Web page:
Working with animals in any capacity can bring considerable job satisfaction to people with an affinity for animals. But there is something incredibly enticing about working with some of the most majestic and exotic species on the planet. You can do this as a keeper or vet in a zoo.
Either position satisfies the needs of anyone wanting to work with exotic animals, but they do so in different ways. The skillset required for each is different. But that’s not to say having skills in one role wouldn’t also highly benefit the other.
Zookeepers are well versed in handling animals where needed and moving safely around their enclosures. With veterinary skills, they’d be able to assist animals on the ground and spot any signs of ill-health early. Preventing any health issues from escalating and enabling the animals to live longer, healthier lives would make a real difference. Not least because many of the animals you’d be working with are endangered so any loss of life would be acutely felt.
Zoological veterinarians examine the animal’s physical anatomy and condition, administer medications and perform procedures that maintain their health. But with the practical skills of a zookeeper, they’d likely be better at handling the animals. And working with them to assess their health whilst they are conscious, as opposed to performing examinations mostly when sedated.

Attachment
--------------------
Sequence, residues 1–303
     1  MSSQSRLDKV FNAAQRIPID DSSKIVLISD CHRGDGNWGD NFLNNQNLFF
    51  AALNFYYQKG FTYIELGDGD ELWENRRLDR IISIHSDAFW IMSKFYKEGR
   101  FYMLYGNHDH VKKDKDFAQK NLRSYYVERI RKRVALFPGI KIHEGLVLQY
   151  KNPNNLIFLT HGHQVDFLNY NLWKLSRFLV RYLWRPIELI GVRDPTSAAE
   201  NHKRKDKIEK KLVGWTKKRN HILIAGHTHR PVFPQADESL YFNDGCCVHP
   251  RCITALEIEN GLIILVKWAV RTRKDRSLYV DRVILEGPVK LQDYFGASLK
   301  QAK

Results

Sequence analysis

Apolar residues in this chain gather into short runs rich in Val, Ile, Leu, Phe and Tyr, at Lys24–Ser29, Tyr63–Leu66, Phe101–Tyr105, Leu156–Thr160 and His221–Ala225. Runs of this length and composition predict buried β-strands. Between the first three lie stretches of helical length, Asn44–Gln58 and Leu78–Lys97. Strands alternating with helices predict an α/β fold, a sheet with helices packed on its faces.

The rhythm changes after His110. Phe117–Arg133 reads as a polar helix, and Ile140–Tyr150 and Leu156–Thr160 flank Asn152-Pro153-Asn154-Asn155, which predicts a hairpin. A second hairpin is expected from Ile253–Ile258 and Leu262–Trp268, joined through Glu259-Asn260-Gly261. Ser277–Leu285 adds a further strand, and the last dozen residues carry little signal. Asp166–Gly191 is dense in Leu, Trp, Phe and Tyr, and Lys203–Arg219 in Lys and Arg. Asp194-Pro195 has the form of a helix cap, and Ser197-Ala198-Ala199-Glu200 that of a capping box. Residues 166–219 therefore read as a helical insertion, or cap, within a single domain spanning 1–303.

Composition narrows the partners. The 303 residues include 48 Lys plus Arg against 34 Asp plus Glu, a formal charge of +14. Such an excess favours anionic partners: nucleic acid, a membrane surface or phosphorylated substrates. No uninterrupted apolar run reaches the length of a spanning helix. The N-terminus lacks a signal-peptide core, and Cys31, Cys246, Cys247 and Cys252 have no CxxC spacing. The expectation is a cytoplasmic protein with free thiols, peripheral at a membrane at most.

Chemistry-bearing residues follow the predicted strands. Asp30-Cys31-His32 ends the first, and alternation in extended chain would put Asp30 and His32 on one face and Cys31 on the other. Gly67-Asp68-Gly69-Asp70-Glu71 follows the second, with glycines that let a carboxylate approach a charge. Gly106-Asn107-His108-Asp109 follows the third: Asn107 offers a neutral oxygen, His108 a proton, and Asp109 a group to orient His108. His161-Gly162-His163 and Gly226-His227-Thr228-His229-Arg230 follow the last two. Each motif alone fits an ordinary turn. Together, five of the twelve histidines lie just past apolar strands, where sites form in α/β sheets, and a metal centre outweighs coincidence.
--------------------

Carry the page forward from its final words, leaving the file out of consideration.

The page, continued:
Despite the benefit of these crossover skills, there isn’t currently a role that combines the two. Some zookeepers have qualifications in animal science, but they aren’t essential for employment.
You would generally go into one role or the other. If you’re considering either option, find out more about what is involved in each below.
Working as a Zoological Veterinarian
As a zoological veterinarian, you will have invested time into advanced training and study to medically treat exotic wildlife species. Once qualified, you could treat anything from iguanas to elephants and everything in between.
You’ll treat any illnesses or injuries that the animals in the zoo sustain and provide them with preventative medical care. This includes using an array of medicines and equipment like imaging devices and surgical tools.
The duties you’ll perform
To perform your duties competently and confidently, you’ll need certain skills and qualities. These include: